How Y’all Youse and you Guys Talk
Consume you ever noticed that people from different areas in the united states say things differently, like some people will say soda? Or maybe you say pop or Caramel, and they’ll say Caramel well, this entire book speaks American. How y’all use, and you guys talk is precisely those dialectical differences in different areas of the united states.
The book is this beautiful collection of 122 different coloured heat maps of how people pronounce or say different words. Or concepts in the united states, and it’s got several other fun features as well. It’s a great little coffee table book. It is a new edition of the book. I had an old edition of it, and it was always one of my favourite coffee table books. Um, people would always be super interested in it was a great conversation.
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Features of Y’ all Youse and you Guys Talk
Starter, so let me show you a few examples of some of the maps in this book.
So here’s a map of the different words people use for fizzy drinks.
As you can see, some areas say soda, pop, and some say coke.
And here’s a map of whether people say Caramel with one or two syllables, as you can see in the south.
On the east coast, many people say this word with three syllables.
And then, most everywhere else in the united states, they say it with two syllables except for some urban centres in California.
It’s got a bunch of other controversial ones in there, too, like pecan or pecan or, however you want to pronounce it, kitty-corner versus caddy corner.
The Pronouncing the words of Y’ all Youse
The second person plural, so whether you say y’all use you guys yins any of those, it even talks about whether or not you pronounce the words. Caught c-o-t and caught c-a-u-g-h-t, in the same way, an increasing number of people in the united states.
Unity of the things that I like about the book is that sometimes. Since the 1950s, been merging those two vowels and pronouncing them the same way, but there’s still a good portion of the united states. That presents them differently. It also shows you a diachronic slash historical perspective, so for that caught merger.
Here’s the map of the merger, but it also includes a history of how that’s changed over time. It consists of a graph showing what percentage of speakers have said those two vowels. The same verses are differently over time, and then over here, you can see the different maps of the united states.
History of Y’ all Youse and you Guys Talk
I love this book. There are two reasons in particular. First, it’s a beautiful demonstration of just the amount of linguistic diversity in the united states. And different points in history, so I think that’s a cool feature.
It’s hard to look at these different ways of saying things and not think, like, wow, this is neat. There are so many ways you can say all of this to highlight some of that diversity. There’s even a map. Here remains what percentage of people speak Spanish at home, so I was happy to see that included. To show some of the linguistic diversity of the united states, I like this book because it shows. There’s no correct way to speak American English when looking at maps like these.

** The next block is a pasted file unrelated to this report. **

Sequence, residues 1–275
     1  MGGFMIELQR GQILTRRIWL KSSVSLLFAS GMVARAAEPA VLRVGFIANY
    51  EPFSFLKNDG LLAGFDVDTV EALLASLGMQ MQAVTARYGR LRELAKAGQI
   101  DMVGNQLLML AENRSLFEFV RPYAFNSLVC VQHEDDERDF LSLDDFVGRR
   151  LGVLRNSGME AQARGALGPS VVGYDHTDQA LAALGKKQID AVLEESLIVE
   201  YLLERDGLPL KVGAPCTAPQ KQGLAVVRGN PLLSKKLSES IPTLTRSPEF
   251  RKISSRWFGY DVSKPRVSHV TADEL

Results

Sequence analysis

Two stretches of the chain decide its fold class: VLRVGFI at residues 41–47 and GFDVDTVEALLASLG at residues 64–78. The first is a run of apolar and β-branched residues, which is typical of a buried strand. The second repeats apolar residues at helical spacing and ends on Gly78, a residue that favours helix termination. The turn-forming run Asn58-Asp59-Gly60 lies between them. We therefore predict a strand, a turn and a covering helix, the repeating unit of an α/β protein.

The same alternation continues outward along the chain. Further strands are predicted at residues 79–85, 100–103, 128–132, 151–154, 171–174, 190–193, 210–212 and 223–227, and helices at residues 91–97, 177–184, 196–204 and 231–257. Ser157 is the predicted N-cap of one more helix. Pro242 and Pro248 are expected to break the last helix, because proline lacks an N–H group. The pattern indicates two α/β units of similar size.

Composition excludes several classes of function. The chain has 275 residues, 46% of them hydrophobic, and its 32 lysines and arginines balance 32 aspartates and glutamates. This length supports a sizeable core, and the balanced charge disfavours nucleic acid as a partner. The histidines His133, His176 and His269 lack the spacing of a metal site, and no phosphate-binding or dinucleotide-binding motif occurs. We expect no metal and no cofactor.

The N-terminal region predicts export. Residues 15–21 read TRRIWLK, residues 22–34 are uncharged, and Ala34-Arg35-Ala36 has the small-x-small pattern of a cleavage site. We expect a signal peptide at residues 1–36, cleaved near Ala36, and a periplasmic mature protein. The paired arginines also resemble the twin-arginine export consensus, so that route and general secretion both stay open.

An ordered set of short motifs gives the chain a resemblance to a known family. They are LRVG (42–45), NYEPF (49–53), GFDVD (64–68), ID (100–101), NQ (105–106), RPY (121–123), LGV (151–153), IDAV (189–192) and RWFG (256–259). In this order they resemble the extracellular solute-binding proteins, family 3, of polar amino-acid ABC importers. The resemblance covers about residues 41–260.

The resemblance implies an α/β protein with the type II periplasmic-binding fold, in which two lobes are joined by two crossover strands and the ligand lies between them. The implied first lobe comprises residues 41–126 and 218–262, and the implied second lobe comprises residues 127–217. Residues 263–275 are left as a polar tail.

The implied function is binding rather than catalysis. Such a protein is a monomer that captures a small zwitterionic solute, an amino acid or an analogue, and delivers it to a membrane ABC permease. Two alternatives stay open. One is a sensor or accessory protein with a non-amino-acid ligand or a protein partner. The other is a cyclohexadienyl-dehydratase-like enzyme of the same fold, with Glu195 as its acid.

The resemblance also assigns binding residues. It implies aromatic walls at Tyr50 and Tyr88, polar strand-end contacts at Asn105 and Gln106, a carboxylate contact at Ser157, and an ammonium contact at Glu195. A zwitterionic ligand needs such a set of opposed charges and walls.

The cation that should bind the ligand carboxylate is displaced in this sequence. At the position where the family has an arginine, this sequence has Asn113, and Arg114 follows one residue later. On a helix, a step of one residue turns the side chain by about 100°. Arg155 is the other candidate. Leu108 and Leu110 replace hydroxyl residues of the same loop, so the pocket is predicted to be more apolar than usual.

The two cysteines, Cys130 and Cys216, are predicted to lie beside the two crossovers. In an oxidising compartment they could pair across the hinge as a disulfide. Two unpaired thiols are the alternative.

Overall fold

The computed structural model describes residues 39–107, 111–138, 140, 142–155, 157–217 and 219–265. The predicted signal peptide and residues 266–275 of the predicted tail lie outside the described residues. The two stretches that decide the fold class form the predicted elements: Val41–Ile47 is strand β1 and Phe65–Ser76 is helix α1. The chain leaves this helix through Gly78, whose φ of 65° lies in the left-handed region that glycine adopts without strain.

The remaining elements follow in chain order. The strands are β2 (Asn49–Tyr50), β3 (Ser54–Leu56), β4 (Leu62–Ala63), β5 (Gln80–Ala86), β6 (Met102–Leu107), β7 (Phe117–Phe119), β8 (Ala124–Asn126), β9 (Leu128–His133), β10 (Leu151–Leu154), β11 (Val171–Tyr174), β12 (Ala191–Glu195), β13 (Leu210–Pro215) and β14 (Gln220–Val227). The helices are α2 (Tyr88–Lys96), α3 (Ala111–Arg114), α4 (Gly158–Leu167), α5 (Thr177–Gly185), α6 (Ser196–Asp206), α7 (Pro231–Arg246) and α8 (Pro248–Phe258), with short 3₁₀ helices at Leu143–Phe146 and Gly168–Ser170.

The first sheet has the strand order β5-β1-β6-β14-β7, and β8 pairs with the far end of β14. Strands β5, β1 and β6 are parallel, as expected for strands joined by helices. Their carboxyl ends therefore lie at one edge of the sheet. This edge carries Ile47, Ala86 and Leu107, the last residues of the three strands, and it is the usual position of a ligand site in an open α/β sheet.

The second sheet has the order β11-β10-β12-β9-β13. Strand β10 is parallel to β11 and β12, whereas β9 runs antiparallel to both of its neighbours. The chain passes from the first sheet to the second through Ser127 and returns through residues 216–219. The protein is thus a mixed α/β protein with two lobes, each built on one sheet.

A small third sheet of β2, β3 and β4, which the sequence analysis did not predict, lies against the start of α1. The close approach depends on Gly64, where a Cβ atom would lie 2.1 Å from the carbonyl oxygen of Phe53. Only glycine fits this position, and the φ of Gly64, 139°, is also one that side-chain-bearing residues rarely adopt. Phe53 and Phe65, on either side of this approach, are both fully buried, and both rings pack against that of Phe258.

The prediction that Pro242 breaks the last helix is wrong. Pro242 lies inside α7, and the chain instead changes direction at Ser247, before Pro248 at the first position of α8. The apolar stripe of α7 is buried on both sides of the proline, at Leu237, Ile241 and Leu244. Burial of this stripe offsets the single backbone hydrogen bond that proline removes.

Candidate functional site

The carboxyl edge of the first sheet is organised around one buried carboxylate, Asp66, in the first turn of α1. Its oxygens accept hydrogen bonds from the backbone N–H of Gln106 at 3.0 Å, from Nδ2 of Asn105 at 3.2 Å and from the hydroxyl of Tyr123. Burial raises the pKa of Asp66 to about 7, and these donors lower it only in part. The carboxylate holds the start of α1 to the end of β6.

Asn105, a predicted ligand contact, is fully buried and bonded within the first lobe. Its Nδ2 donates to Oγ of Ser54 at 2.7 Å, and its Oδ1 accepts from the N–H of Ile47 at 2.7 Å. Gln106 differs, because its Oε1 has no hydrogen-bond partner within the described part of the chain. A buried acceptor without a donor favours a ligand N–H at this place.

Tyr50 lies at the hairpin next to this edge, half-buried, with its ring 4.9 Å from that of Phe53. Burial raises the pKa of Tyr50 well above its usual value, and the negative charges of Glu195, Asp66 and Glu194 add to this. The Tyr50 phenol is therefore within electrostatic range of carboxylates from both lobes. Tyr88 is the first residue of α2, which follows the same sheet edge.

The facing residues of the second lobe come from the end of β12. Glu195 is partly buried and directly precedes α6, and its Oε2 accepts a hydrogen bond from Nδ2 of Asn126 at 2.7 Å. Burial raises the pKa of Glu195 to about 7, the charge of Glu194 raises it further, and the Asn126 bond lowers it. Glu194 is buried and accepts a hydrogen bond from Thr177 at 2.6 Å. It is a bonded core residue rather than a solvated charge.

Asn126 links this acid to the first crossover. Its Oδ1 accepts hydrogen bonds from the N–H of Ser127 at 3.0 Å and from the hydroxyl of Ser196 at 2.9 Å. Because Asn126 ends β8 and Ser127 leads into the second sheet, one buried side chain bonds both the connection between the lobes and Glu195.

And you see kind of just the gradual change from one region to another, and it makes it pretty clear. Like no particular part is correct, these different ways of saying things or pronouncing things are different. None of them is certainly better than the others. Some dialects might have more social prestige attached to them. And that’s true, but from a linguistic perspective, there’s nothing inherently better about these dialects. And speaking, America does an excellent job of illustrating that in a graphic way.
About the Book
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So the situation is one of the chattels I love furthermost about this book; one of my favourite things to do when guests come over pulls out this book. And go through the maps here and ask what you know about how they say things and their opinions.
Everybody seems to enjoy all sorts of fun conversations; everybody seems to enjoy another fun thing about this book. It has little sections throughout that tell you how to know whether you’re from a particular area. So, for example, if you call something an expressway or refer to the type of shoes you wear to the gym as gym shoes. Rather than tennis shoes or sneakers, there’s a 95 chance you are from Chicago; my only criticism of the book is that it doesn’t use international phonetics.
Alphabet writes out the pronunciations; instead, it uses this kind of um like naive or folk transcription that you see in specific dictionaries instead. So for crayons or crayons or however you’d like to pronounce it, you can see here that the spellings are just written in this sort of Like faux English. However, you can still tell exactly what he intends to say.
The data for this book is based on josh Katz’s Research he’s a statistician rather than a linguist. However, he did establish a lot of the work in this book on earlier work by Bert Vogt, so overall, speaking American is one of my favourite coffee table books. I can’t recommend it highly enough. It is a must-have for any language lover; if you’d like to buy your copy and support my content in the process, you can do so at the link below, and I hope you enjoy the book.
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